In many subfields of artificial intelligence during the past several decades, there has been substantial progress that has resulted in significant near-term advances in theory and applications. However, we believe that progress towards human-level artificial intelligence and the applications it enables requires a deeper and more comprehensive understanding that cannot be achieved by studying individual areas in isolation. Two reasons, both involving integration, support this belief. First, many problems that human-level AIs must solve involve subproblems currently addressed by different subfields, often using very different computational methods. A human-level AI must either integrate, for example, backtracking search, partially observable Markov decision processes (POMDPs), logic theorem proving algorithms, productions systems, and neural networks, or it must be based on new, heretofore undiscovered computational methods that exhibit all of the best features of these computational methods. Second, the best currently existing example of human-level intelligence is of course the human being. We believe that the history of AI (and the articles in this special issue) demonstrate that insights into the mechanisms underlying human cognition can inform research towards human-level AI. To explore a more integrated approach to human-level AI, we helped organize the 2004 AAAI Fall Symposium on Achieving Human-Level Artificial Intelligence through Integrated Systems and Research.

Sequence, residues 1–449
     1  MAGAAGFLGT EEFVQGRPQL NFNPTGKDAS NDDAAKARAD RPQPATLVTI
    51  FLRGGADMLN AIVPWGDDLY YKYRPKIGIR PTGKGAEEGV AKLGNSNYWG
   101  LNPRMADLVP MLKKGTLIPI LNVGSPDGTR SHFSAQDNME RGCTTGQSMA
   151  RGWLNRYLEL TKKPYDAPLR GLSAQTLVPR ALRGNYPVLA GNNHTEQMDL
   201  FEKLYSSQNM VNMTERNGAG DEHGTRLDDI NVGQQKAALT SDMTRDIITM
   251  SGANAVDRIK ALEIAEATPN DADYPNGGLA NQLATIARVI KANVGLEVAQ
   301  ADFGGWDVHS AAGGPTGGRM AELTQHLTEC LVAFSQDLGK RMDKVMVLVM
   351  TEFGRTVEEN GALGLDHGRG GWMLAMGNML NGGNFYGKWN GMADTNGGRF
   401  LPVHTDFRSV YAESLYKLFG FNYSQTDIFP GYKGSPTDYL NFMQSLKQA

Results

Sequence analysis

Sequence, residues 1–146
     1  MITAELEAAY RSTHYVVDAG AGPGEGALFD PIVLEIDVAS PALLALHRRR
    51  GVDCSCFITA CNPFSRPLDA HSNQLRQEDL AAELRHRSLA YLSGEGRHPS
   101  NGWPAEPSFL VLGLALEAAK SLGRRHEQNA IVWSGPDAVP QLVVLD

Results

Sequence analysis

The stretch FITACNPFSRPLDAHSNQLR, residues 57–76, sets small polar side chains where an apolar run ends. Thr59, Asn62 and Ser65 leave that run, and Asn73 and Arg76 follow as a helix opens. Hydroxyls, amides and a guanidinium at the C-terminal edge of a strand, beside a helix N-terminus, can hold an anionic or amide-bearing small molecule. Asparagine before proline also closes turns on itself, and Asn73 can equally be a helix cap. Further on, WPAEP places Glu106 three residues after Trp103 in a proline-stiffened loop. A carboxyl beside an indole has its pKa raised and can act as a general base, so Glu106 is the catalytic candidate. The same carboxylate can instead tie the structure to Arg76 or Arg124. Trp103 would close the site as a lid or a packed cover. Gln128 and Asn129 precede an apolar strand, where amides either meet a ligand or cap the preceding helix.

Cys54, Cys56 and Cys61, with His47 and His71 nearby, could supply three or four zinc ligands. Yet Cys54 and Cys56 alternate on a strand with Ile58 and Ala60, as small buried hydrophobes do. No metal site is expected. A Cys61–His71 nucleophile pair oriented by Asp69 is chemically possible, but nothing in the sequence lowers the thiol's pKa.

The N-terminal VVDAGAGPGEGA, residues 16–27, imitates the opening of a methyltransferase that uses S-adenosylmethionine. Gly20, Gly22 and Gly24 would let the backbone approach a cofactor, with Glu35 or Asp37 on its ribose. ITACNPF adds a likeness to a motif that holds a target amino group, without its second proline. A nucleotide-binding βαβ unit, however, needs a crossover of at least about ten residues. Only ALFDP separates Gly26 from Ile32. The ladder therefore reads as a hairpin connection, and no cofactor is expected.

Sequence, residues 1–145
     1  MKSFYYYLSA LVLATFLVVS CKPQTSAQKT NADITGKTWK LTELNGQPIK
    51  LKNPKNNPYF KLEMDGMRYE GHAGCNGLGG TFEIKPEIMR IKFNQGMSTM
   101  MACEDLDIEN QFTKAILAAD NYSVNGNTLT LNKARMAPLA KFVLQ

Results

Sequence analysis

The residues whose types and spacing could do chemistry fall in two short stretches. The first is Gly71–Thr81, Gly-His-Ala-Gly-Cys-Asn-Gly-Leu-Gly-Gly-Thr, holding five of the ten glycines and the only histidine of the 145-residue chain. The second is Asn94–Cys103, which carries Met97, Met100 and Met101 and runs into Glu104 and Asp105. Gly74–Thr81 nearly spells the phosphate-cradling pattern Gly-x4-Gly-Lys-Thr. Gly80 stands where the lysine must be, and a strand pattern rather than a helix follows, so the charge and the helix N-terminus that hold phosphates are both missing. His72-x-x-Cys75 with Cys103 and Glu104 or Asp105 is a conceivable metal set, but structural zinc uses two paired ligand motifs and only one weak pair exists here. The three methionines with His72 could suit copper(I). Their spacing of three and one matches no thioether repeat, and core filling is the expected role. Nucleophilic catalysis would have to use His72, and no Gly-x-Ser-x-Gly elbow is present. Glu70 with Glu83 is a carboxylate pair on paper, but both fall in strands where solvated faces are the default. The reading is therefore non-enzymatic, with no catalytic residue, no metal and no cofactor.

The symposium and the articles in this issue are motivated by four recent trends that we believe present an opportunity to reinvigorate the field's focus on understanding and developing human-level intelligence. First, many new subfields of artificial intelligence are explicitly directed towards integration. For example, many in the robotics community (see, for instance, the article by Craig Schlenoff, Jim Albus, Elena Messina, Tony Barbera, Raj Madhavan, and Stephen Balakirsky in this issue) are attempting to integrate the complexity of behavior enabled by reasoning and planning algorithms with the robustness and flexibility of reactive robotic architectures. Second, many new application domains require systems either to behave at the level of humans or to understand the complexities of human behavior. For example, the goal of increasing the realism of synthetic characters in training simulators (see the article by William Swartout, Jonathan Gratch, Randall Hill, Eduard Hovy, Stacy Marsella, Jeff Rickel, and David Traum) creates a need for artificial agents that behave at a human level of intelligence. Third, many funding agencies have recently renewed their interest in systems that go beyond the level of intelligence afforded by individual computational methods. Many of the programs resulting from the Defense Advance Research Project Agency's (DARPA) recent focus on cognitive systems, for example, aim to achieve a level of reasoning, deliberation, and learning normally associated with human intelligence. Finally, the ever increasing amount of computational power available to the field enables large-scale integration efforts that were heretofore impractical.
The articles in this issue report research that capitalizes on these trends by integrating multiple computational methods and by taking inspiration from recent discoveries about human cognition. As the work reported in these articles demonstrates, this approach has led both to deeper insights into intelligent systems and, consequently, to significant qualitative advances in the applications they enable.
Architectures That Combine the Insights of Multiple Subfields of AI
Subfields in AI are often based on different computational methods that are difficult to reconcile. However, since, for example, POMDPs, case-based reasoners, and logic-theorem provers each have strengths not shared by the others, human-level AI researchers must often find ways to integrate these different methods into a single intelligent system. …